283 research outputs found

    Discovering Scholarly Orphans Using ORCID

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    Archival efforts such as (C)LOCKSS and Portico are in place to ensure the longevity of traditional scholarly resources like journal articles. At the same time, researchers are depositing a broad variety of other scholarly artifacts into emerging online portals that are designed to support web-based scholarship. These web-native scholarly objects are largely neglected by current archival practices and hence they become scholarly orphans. We therefore argue for a novel paradigm that is tailored towards archiving these scholarly orphans. We are investigating the feasibility of using Open Researcher and Contributor ID (ORCID) as a supporting infrastructure for the process of discovery of web identities and scholarly orphans for active researchers. We analyze ORCID in terms of coverage of researchers, subjects, and location and assess the richness of its profiles in terms of web identities and scholarly artifacts. We find that ORCID currently lacks in all considered aspects and hence can only be considered in conjunction with other discovery sources. However, ORCID is growing fast so there is potential that it could achieve a satisfactory level of coverage and richness in the near future.Comment: 10 pages, 5 figures, 5 tables accepted for publication at JCDL 201

    Extending Sitemaps for ResourceSync

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    The documents used in the ResourceSync synchronization framework are based on the widely adopted document format defined by the Sitemap protocol. In order to address requirements of the framework, extensions to the Sitemap format were necessary. This short paper describes the concerns we had about introducing such extensions, the tests we did to evaluate their validity, and aspects of the framework to address them.Comment: 4 pages, 6 listings, accepted at JCDL 201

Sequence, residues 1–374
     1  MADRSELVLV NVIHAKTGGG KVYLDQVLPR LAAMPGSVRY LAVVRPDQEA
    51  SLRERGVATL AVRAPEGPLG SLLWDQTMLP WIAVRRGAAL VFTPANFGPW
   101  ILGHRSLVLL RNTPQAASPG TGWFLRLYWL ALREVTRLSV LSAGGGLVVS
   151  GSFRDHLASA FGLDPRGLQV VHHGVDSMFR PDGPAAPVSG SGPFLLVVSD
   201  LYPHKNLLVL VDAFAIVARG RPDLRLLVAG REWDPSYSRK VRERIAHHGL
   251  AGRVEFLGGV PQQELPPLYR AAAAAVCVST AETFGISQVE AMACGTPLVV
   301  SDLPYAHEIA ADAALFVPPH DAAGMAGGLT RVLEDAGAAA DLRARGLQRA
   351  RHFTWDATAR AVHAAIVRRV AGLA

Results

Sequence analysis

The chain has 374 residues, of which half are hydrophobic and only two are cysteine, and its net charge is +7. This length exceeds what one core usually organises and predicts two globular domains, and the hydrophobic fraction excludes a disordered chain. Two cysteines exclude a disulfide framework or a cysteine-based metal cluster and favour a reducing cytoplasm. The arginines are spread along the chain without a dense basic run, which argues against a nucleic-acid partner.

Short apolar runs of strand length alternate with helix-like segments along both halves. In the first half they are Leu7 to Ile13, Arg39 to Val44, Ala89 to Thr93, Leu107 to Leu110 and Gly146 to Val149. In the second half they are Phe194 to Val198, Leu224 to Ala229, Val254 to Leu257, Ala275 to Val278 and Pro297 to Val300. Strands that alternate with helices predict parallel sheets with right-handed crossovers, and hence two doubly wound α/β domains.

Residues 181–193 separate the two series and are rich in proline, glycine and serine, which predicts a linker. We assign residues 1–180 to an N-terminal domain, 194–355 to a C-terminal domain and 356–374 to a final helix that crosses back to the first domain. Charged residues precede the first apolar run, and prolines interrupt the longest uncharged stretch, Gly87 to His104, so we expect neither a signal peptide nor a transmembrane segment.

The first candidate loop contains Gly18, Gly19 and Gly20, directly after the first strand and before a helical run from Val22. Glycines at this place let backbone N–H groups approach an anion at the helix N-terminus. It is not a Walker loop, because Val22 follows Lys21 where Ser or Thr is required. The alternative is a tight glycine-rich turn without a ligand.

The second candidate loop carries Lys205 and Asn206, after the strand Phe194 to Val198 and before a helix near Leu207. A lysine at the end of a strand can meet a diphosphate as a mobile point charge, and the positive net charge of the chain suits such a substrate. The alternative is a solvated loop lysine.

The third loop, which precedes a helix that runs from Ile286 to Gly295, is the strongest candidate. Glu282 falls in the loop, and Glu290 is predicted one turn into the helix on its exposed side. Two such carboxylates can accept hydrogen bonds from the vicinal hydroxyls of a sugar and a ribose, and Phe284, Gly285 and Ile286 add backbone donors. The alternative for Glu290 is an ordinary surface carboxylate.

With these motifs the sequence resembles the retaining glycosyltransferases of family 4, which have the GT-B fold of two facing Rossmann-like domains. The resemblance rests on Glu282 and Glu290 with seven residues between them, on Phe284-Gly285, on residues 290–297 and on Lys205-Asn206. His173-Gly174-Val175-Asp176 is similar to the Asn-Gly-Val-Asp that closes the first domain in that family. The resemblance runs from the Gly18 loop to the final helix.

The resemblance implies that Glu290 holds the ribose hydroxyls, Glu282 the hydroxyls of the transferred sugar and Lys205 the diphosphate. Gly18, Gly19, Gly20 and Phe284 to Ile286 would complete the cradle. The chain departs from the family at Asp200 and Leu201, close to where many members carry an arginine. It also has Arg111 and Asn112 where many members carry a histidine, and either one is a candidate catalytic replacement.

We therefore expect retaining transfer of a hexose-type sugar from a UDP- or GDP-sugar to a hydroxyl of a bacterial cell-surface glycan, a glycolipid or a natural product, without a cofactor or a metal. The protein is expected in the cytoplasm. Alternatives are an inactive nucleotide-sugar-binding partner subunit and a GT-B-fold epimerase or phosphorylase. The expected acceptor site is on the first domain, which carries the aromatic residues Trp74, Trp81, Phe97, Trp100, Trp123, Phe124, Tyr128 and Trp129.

Access Interfaces for Open Archival Information Systems based on the OAI-PMH and the OpenURL Framework for Context-Sensitive Services

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    In recent years, a variety of digital repository and archival systems have been developed and adopted. All of these systems aim at hosting a variety of compound digital assets and at providing tools for storing, managing and accessing those assets. This paper will focus on the definition of common and standardized access interfaces that could be deployed across such diverse digital respository and archival systems. The proposed interfaces are based on the two formal specifications that have recently emerged from the Digital Library community: The Open Archive Initiative Protocol for Metadata Harvesting (OAI-PMH) and the NISO OpenURL Framework for Context-Sensitive Services (OpenURL Standard). As will be described, the former allows for the retrieval of batches of XML-based representations of digital assets, while the latter facilitates the retrieval of disseminations of a specific digital asset or of one or more of its constituents. The core properties of the proposed interfaces are explained in terms of the Reference Model for an Open Archival Information System (OAIS).Comment: Accepted paper for PV 2005 "Ensuring Long-term Preservation and Adding Value to Scientific and Technical data" (http://www.ukoln.ac.uk/events/pv-2005/

    Analyzing the Persistence of Referenced Web Resources with Memento

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    In this paper we present the results of a study into the persistence and availability of web resources referenced from papers in scholarly repositories. Two repositories with different characteristics, arXiv and the UNT digital library, are studied to determine if the nature of the repository, or of its content, has a bearing on the availability of the web resources cited by that content. Memento makes it possible to automate discovery of archived resources and to consider the time between the publication of the research and the archiving of the referenced URLs. This automation allows us to process more than 160000 URLs, the largest known such study, and the repository metadata allows consideration of the results by discipline. The results are startling: 45% (66096) of the URLs referenced from arXiv still exist, but are not preserved for future generations, and 28% of resources referenced by UNT papers have been lost. Moving forwards, we provide some initial recommendations, including that repositories should publish URL lists extracted from papers that could be used as seeds for web archiving systems.Comment: 4 pages, 5 figures. Accepted to Open Repositories 2011 Conferenc
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